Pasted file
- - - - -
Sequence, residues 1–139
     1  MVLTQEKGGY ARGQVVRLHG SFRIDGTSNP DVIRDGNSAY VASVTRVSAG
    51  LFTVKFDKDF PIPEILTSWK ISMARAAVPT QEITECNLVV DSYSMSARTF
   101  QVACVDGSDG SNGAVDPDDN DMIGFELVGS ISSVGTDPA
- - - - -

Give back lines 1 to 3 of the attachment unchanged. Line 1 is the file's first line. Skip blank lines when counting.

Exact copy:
Sequence, residues 1–139
     1  MVLTQEKGGY ARGQVVRLHG SFRIDGTSNP DVIRDGNSAY VASVTRVSAG
    51  LFTVKFDKDF PIPEILTSWK ISMARAAVPT QEITECNLVV DSYSMSARTF